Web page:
I was ready for this moment. Before leaving Minnesota I took a job as breakfast cook to help my sister out at the restaurant cook where she is taking over as the head chef. I got my practice making omelets. I asked chef, “do you guys have any non-sticks?”

“Nope!” he replied. “You have to use the stainless steel”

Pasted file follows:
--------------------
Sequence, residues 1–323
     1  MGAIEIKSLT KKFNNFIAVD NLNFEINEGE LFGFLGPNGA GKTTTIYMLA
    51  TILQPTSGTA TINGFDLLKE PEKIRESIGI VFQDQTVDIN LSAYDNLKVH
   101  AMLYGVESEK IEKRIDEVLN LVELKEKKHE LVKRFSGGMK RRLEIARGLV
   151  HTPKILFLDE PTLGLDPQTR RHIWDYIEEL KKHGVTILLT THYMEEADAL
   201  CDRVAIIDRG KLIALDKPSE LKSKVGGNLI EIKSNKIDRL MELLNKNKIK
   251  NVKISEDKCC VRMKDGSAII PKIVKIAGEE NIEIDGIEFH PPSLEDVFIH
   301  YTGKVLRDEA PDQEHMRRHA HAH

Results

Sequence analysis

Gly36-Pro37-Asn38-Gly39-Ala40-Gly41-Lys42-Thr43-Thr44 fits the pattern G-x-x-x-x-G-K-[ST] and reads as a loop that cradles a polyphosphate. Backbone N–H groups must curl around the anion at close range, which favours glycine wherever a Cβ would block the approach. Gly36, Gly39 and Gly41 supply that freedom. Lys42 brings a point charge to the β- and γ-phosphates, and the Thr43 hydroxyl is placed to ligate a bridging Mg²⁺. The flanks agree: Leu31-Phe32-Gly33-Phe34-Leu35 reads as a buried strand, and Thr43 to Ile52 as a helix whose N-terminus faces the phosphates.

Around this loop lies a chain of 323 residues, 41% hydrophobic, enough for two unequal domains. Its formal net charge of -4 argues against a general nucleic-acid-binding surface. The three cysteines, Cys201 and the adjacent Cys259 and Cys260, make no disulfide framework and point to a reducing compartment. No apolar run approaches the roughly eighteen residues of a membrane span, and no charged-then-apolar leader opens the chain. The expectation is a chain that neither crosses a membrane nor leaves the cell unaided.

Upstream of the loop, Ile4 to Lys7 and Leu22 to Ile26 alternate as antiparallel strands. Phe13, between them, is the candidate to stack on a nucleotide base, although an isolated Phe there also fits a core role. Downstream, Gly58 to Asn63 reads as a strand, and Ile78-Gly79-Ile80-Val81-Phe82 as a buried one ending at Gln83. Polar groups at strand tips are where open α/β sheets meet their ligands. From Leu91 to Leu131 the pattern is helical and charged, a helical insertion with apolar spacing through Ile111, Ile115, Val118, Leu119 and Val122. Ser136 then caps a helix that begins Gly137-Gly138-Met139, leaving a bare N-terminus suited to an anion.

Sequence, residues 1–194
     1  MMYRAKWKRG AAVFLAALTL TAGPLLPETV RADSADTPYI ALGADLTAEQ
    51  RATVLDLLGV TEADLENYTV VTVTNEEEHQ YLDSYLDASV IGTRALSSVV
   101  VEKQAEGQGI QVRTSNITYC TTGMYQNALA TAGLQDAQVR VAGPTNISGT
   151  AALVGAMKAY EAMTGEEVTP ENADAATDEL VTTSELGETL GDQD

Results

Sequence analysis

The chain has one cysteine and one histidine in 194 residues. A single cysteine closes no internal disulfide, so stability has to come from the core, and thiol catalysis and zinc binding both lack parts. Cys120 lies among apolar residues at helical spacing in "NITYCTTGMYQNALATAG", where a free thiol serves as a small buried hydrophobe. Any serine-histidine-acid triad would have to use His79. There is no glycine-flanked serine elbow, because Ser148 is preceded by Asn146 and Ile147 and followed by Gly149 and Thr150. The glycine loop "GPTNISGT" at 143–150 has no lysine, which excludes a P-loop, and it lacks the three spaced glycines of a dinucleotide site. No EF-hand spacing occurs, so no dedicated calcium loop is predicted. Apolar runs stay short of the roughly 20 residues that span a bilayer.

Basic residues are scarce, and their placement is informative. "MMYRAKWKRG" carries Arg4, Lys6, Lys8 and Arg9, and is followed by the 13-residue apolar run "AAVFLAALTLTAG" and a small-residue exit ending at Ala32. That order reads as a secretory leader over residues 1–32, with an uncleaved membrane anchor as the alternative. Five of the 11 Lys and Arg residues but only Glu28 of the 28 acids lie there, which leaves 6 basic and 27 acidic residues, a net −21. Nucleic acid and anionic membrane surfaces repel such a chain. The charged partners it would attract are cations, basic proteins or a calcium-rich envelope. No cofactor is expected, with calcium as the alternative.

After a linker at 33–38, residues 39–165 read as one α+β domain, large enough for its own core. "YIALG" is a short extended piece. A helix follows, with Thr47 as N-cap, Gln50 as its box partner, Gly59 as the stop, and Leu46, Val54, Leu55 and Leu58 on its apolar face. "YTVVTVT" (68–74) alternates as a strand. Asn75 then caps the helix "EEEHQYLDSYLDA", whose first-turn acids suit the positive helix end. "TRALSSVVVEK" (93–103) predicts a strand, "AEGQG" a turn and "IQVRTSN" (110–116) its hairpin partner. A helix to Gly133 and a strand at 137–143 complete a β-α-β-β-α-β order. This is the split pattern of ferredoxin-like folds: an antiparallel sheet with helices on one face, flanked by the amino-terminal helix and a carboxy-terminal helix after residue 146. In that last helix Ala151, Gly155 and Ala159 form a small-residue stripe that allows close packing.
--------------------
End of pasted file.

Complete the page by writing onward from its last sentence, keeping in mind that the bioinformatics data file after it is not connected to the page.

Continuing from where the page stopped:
Damnit. I thought. I never made an omelet in a stainless steel pan before, and let me tell you, its not the same! I raided the coolers to find some MEP I could use to make the dopest omelet I could, but without being too complicated. I grabbed, chives, lemongrass, chervil, thai basil, kaffir lime, goat cheese, milk, a whisk. What the hell am I going to make I thought? I whisked the filling panicked to make. Goat cheese in a bowl with some chopped thai basil, kaffir lime, lemon juice and salt. I cracked the eggs and whisk them into the bowl. My pan was already hot. I add the butter. Oh shit. The butter turns brown instantly. That’s a hot pan boys. I dump out the butter, add more butter, oh shit. Turns brown instantly. I panick. Oh shit. I was nerveous as I imagined chef could see all the brown smoke coming from my pan. I got to do this, 4 minutes remaining. Oh yeah, I only had 20 minutes to make an omelet. I add butter, while its melting I add the eggs. I stir to make a French style omelet, soft curds of egg encased in a thin layer of egg. I add the goat cheese filling and I start to turn the egg over on itself to fold. Oh shit! Its sticking. I continue to scrape the pan with my spoon because I couldn’t find a rubber spatula and I’m panicking. 3 minutes left and I’m freaking out inside, but I have to remain composed. I have to restart. I unfold the scrambled egg and take the fillin out to re use on my second batch. I scrape out the pan with salt, and I add butter again and place the pan over low heat. I walk briskly to grab 3 more eggs, whisk them quickly into a bowl. I reach to add the cream and know the cream all over the table and try to catch it and it drops all over the floor. 2 minutes remaining. Oh Shit! I’m done. Ima going to be that guy that takes 20 minutes to make scrambled eggs. Oh shit. I leave the cream on the floor, I clean the table quickly and add the eggs to the pan. Its looking good, well better than before. I stir and stir to achieve soft curds. I let the egg sit for 15 seconds add the filling, chef walks by. At this point, I made sure the table was clean, organized, with a plate on the table and all my garnishes arranged before me, “ You got that omelet or what” said chef Ray.